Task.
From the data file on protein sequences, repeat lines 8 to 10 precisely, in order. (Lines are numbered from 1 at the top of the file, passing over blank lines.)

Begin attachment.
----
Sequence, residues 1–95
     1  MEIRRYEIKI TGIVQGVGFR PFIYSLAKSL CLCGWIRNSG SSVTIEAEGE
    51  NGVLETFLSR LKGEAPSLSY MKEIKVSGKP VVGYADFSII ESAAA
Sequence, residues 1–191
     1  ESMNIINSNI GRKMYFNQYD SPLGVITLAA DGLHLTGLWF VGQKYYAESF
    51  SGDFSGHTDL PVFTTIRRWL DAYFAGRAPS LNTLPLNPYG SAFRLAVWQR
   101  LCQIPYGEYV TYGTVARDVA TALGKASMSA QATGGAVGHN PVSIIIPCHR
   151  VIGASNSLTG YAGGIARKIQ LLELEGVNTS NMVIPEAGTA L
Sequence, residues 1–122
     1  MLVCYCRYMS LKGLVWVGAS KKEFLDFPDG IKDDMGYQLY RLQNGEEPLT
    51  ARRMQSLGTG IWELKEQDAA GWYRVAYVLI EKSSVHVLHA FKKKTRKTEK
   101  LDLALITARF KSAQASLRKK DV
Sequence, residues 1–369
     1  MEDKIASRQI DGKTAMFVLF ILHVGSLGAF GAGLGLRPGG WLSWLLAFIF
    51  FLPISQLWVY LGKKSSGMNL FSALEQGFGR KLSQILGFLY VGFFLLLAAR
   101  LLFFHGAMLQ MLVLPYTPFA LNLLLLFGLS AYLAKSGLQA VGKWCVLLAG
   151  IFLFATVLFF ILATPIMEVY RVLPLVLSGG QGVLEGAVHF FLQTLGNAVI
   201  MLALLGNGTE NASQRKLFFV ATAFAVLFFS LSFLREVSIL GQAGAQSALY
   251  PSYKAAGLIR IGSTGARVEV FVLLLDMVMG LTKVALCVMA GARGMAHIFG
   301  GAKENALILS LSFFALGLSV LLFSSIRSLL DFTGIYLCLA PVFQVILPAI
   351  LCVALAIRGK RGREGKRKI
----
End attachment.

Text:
   151  VIGASNSLTG YAGGIARKIQ LLELEGVNTS NMVIPEAGTA L
Sequence, residues 1–122
     1  MLVCYCRYMS LKGLVWVGAS KKEFLDFPDG IKDDMGYQLY RLQNGEEPLT